more articles by

Clive Maund


Click to enlarge Click to enlarge

 

Gold Market Update

By Clive Maund      Printer Friendly Version Bookmark and Share
May 24 2010 12:10PM

www.clivemaund.com

originally published May 22nd, 2010

Although gold and silver dropped quite sharply last week, longer-term charts reveal that nothing broke technically and the reactions were in fact within normal parameters.

On its 2-year chart we can see that the fine longer-term uptrend in gold from late 2008 remains in force, and that despite last week’s drop, it is still some distance from breaking down. In recent weeks it had shown signs that it would not drop with the broad stockmarket, so while the fact that it did may be rather disappointing, the flip side is that with the broad market horribly oversold and due a rally gold looks set to bounce back strongly from here. Factors which support a rally now, in addition to the nearby trendline support, are the moving averages, which are in strongly bullish alignment, the proximity of the price with the 50-day moving average and the neutralization of the RSI indicator shown at the top of the chart, which had been showing a short-term critically overbought condition.

IGold’s strong rally against the Euro burned out last week, as predicted on the site last Monday, but it dropped so much last week that we are likely to see it recover somewhat this coming week.

As the Precious Metals sector decided to move in step with the broad stockmarket last week, it is worth taking a sideways glance at it to assess the intermediate outlook, as it will obviously impact the outlook for the PM sector going forward. As we had correctly deduced in advance from the insanely extreme Put/Call ratio for the overall US market late last week, it was due to rebound, and did so on Friday. With many other indicators now near-term bullish, although by no means all, we can expect some choppy action in coming days that is expected to be followed by a recovery back to the vicinity of the 50-day moving average on the S&P500 index, which is currently at about 1170. It is interesting to observe on our 6-month chart for the S&P500 index how it bounced back on Friday from the vicinity of the intraday panic lows of the plunge day early in May, which was misleadingly described as a technical glitch by the mainstream media in order to sooth rattled investors, but was of course the result of blind panic. This action and the big down days of last week have longer-term bearish implications, so after a probable rally back up to the vicinity of the 50-day moving average, the market is expected to go into decline again, although we should keep in mind that nominal losses may be greatly reduced and even conceivably reversed by conditions of increasing inflation and repeated injections of liquidity.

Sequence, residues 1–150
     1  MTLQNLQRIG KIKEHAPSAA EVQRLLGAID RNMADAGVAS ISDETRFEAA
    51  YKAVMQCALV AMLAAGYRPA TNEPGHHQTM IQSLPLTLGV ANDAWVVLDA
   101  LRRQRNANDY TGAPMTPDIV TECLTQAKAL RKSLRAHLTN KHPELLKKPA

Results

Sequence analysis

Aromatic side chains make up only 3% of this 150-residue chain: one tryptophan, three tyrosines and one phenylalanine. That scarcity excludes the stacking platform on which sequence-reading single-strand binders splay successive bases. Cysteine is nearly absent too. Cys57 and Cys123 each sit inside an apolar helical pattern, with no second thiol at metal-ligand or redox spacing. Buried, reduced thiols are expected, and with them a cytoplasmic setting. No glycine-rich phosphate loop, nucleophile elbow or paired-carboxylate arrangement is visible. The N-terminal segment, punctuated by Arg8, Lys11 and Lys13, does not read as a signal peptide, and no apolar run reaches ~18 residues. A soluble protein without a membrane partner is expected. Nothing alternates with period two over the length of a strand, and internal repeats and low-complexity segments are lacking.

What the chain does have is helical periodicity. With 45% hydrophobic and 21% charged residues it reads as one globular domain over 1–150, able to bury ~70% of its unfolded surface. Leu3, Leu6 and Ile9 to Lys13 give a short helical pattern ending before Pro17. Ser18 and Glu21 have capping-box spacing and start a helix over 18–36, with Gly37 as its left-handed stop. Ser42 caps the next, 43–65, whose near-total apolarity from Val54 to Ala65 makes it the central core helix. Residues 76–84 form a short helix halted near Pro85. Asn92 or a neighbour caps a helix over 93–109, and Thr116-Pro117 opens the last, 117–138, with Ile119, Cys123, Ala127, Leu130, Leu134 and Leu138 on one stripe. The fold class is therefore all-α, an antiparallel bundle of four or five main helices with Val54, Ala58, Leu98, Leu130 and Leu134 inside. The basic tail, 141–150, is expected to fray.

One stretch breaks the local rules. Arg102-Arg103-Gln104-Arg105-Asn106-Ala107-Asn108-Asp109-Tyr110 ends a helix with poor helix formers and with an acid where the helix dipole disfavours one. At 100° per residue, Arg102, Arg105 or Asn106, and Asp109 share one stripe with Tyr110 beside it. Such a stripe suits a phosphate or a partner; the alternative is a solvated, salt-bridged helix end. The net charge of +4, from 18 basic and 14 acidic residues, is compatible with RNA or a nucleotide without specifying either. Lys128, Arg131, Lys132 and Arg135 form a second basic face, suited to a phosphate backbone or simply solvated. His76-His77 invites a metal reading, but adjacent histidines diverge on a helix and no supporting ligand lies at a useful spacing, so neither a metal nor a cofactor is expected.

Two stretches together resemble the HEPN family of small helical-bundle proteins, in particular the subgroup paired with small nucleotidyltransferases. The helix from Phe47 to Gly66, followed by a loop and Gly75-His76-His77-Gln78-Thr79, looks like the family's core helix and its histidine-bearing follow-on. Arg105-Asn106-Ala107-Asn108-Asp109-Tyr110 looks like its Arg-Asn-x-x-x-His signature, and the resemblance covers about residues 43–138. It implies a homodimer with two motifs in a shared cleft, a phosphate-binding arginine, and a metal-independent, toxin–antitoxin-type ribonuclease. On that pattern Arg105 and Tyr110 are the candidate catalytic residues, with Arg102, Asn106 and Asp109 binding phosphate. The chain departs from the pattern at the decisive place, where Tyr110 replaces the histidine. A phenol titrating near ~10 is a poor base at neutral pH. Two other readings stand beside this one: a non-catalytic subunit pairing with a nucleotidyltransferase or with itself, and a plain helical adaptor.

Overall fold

Although Precious Metals stocks were hit hard last week by the combination of the broad market decline and the drop in the metals, their uptrend in force from late 2008 did not fail, and with big support coming into play here from the lower trend channel line shown on the 2-year chart for the HUI index and from nearby bullishly aligned moving averages, stocks are expected to turn sharply higher in tune with a general rebound soon. Here we should note that even if the channel fails, it may only result in stocks going into a sideways trading range for a while, with support coming into play at the bottom of it in the 370 area.